It was a beautiful sunny say and she was just sitting in the grass relaxing when her young son ran up and tackled her. As she fell back on the ground, she felt her son’s sleeve tug against her left ear. She reached up and felt that here diamond stud was no longer there. Wizely, she froze, and marked the spot with some sticks. She also looked around very carefully and took bearings from nearby buildings and trees, so that she could relocate that exact spot.
The husband was a little stressed out and after they searched for several hours, a friend found my number at THERINGFINDERS.com and called me. I met her in Corte Madera Town Part about 10am the next morning. It was a another sunny day. She showed me the exact spot where she had been bowled over by her son. I stuck my shovel in the ground and began a spiral search pattern. She tried to read a book but kept glancing over every time I bent over to check a target. After about 45 excruciating minutes I finally located her magnificent 2.5 total carats diamond earring about 12 feet from the starting point. The earring had flown about 12 feet in the air.
Needless to say she was ecstatic. Unfortunately I was unable to also locate the backing for the earring. But she gave up on that idea very easily. She will have the backings changed to the screw type.
Another marriage put back on track!
Ring and marriage recovery by Marshall Smith – 415-905-0334
Serving the Greater San Francisco Bay Area from sunny San Mateo, CA
Cynthia with her parent’s wedding rings
Cynthia always wears her mother’s and father’s wedding rings, which are beautiful hand-made antiques from Chile. She was wearing them last weekend while gardening in her back yard. Unfortunately, when she flung some clippings over the fence, the rings flew off too. After searching fruitlessly for the rings, she searched the web for Metal Detector Rental and found TheRingFinders.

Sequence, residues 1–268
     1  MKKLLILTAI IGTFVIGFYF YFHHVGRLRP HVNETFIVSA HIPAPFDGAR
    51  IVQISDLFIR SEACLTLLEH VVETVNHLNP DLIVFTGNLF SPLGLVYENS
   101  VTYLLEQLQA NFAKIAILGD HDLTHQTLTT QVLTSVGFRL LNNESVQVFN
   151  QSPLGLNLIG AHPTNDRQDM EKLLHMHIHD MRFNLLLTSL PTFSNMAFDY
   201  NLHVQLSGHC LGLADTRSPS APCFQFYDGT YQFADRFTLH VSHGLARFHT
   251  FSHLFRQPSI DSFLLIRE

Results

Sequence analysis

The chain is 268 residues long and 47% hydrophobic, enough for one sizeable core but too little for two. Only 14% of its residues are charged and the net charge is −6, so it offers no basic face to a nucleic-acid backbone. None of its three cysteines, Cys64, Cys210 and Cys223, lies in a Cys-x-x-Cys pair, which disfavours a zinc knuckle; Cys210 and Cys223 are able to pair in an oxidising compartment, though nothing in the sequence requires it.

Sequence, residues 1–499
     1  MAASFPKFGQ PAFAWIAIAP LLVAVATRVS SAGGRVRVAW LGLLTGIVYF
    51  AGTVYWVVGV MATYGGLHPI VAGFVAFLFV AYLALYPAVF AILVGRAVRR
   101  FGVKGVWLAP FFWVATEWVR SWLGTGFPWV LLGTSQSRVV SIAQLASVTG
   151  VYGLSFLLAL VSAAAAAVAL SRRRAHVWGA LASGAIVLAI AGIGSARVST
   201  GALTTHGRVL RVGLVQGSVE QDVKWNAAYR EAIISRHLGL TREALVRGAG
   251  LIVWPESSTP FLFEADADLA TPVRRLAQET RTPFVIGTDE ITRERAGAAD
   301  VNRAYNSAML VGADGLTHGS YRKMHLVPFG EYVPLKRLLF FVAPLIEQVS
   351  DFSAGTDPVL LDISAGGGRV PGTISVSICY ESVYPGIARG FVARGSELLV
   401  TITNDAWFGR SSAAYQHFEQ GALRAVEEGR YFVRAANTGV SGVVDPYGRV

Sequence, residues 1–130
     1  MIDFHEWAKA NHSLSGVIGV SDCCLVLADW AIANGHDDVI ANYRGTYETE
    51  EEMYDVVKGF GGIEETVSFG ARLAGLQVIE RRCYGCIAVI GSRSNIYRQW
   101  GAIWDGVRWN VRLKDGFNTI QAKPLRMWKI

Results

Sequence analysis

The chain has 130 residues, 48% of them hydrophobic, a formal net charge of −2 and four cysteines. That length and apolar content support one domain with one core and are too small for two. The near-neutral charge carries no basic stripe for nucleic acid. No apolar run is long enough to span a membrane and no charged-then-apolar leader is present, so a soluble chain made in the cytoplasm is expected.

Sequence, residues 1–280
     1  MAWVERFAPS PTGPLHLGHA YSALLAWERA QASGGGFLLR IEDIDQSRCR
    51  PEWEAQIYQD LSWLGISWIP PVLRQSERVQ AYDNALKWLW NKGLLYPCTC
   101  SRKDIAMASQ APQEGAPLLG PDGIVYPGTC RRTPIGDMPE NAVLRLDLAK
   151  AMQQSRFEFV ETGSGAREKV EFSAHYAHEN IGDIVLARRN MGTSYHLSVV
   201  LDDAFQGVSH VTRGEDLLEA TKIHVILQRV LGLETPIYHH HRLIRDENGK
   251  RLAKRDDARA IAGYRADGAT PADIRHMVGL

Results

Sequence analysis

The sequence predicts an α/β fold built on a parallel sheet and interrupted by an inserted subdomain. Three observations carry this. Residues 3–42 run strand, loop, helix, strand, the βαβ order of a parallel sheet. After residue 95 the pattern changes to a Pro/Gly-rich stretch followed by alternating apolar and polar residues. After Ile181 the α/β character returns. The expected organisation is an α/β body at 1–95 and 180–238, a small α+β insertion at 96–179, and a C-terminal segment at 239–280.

Cynthia lives on a hill in Sausalito, with a view of the marina from the back. Like many Marin County back yards, her back yard slopes steeply downward. The rings were most likely somewhere on that slope. The first thing we did was to repeat the accident with a “ring on a string,” another gold ring attached to a bright red ribbon so that it would be hard to lose. After five tosses, we could see that the ring consistently landed in a zone starting about 10 feet down the slope. That’s where I started searching.
The hill was covered with thick ivy. Unfortunately, the ivy also covered large rocks, tree stumps, and even some old terrace walls. These hidden obstructions created lots of hollows and crevices that could conceal the rings. I attached the small 6″ search coil to my metal detector, but some areas were so small that I still had to search many areas on hands and knees with a handheld detector.
After an hour on the slope, I had covered the entire target zone with no luck. Further down the hill, the slope was too steep to search. But I still hadn’t detected the area above the target zone, closer to the fence.
Within five minutes of starting to search the new area I pulled out the first ring. Six inches away I found the second one. Both were just eight feet from the fence. The rings were as beautiful as Cynthia had described them, and she was extremely happy to get them back.
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